Old House Gardens
From America’s Expert Source for Heirloom Flower Bulbs

Order these spring-planted bulbs NOW for delivery in APRIL.

WHY DAHLIAS? They get better and better in late summer and autumn when many plants are fading. They come in lush colors and astonishing forms. And the more you cut them for bouquets, the more they bloom.

DAHLIA HISTORY – Dahlias were brought into gardens by the Aztecs, and first bloomed in Europe in 1789. For more, click here.

TIPS – Dahlias prefer full sun and summers that aren’t too hot. No, you don’t HAVE to dig and store them. To learn more, click here.

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DREAMY DAHLIAS        Sampler

Easy to grow and amazingly diverse, dahlias will light up your late summer and fall garden and give you tons of bouquets. We’ll send you 5 of our favorites, all different, labeled, and fabulous. Sample some excitement!

For zones 4a-7b(9bWC) only.

COS23Add to basket:1/$37.502/$723/$103Limit 3, please.

For fresh, fabulous, long-lasting bouquets at a price you can’t beat, pick your own! We’ll send 3 of our favorite, not-too-big, bouquet-sized dahlias, all different, labeled, and easy to grow. The more you pick them, the more they’ll bloom!

For zones 4a-7b(9bWC) only.

COS30Add to basket:1/$23.502/$453/$64Limit 3, please.
ANDRIES’ ORANGE, 1936        Rarest
Simple yet extraordinary, this charming dahlia became an instant staff favorite when it first bloomed here — and bloomed and bloomed and bloomed. A clear, companionable orange, bright yet never glaring, and with 3-4 inch, semi-cactus flowers on wiry stems, it’s a flower arranger’s delight. Its full Flemish name, ‘Andries Oranje As’, honors a Jazz Age liqueur from the small Belgian town of As. 3-5’, reintroduced by us from the UK National Collection, now from Oregon. Chart to compare.
SD44Add to basket:1/$9.753/$26.505/$4210/$7825/$176
ARAB QUEEN, 1949        Rarest
With swirling petals of apricot, bronze, yellow, pink, and orange, this exuberant, post-war beauty may remind you of a windblown flurry of autumn leaves. And it’s big, up to 9-12 inches across. No wonder the experts at both Garden Gate and Gardening How-To magazines have recommended it so highly. 4-5’, from New Hampshire. Chart to compare.
SD40Add to basket:1/$83/$225/$34.50Limit 5, please.
ATROPURPUREA, 1789        Rarest
In the beginning, there was Dahlia atropurpurea. With lacy foliage and profuse, single flowers, it’s the dark maroon form of D. pinnata, one of the first three wild dahlias to reach Europe from Mexico. Although its offspring soon left it in the dust, it’s handsome enough to earn a place in any garden — and will give you a refreshing new perspective on the spectacular diversity of dahlias today. 3”, 4-5’, from Oregon. Chart to compare.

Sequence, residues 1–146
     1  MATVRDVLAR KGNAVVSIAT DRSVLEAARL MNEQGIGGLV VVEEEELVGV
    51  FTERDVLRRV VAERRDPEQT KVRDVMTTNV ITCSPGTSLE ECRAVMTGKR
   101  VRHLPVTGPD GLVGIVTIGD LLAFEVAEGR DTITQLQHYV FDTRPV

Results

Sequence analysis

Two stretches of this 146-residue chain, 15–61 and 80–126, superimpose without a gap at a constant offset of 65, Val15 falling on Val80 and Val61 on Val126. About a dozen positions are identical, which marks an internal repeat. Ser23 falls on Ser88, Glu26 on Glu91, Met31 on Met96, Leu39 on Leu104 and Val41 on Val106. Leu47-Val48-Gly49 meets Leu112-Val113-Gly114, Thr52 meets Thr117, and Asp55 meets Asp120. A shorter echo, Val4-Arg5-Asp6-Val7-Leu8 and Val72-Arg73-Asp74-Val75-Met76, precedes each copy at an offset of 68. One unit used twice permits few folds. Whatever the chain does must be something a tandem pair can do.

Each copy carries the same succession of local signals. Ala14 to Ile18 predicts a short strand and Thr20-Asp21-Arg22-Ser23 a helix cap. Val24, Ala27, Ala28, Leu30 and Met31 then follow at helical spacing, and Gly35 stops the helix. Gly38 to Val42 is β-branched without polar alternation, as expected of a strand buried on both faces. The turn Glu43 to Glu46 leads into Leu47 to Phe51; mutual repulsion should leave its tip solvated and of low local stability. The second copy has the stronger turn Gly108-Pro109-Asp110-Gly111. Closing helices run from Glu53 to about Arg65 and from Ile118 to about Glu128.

SD55Add to basket:1/$8.753/$245/$37.5010/$70Limit 10, please.
Dark-leaved dahlias are hot these days, thanks to this inspiring original. With cut-leaf, burgundy-bronze foliage and glowing scarlet, almost-single flowers sparked by a ring of vivid yellow stamens, ‘Bishop’ has starred at Wave Hill, Heronswood, the Denver Botanic Garden — and here. How can you garden another summer without growing it yourself? 3”, 4-5’, heat-tolerant, from Holland. Chart to compare.
SD01Add to basket:1/$7.503/$20.505/$32.5010/$6025/$135
BLOODSTONE, 1939        Rarest
Named for an ancient gemstone famed for its medicinal and magic powers (learn more), this knockout blooms more profusely than any dahlia we’ve ever grown, with small, elegant flowers of dark, luminous red set against deep green leaves. Photos can only hint at its excellence — prepare to be wowed! 3”, 4-6’, from heat-tolerant, Oregon. Chart to compare.
SD41Add to basket:1/$93/$24.505/$3910/$7225/$162
BONNE ESPERANCE, 1948        New
Here’s a sweet little classic for pots or the front of a sunny border. Just 12-18 inches tall, ‘Good Hope’ is loaded all summer with 2-3 inch, rosy pink flowers, each a single row of petals around a cheerful yellow button-eye. Nothing could be simpler, or prettier — and the bees will thank you for it, too. Chart to compare.
SD16Add to basket:1/$6.503/$185/$2810/$5225/$117
CAFE AU LAIT, 1967        Web-Only & New
It’s not just for brides! Although its exquisite coloring – “creamy pink, blush, peach, ivory, champagne, and dusty rose,” in the words of brides.com – has made it enormously popular for weddings, this sumptuous flower will look just as good in your garden or a Mason jar on the kitchen counter. You’ll get lots of big, ruffled blooms with long, strong stems on a sturdy plant that blooms and blooms. 6-10”, 4’, from Holland. Chart to compare.
SD80Add to basket:1/$103/$27.505/$4310/$8025/$180
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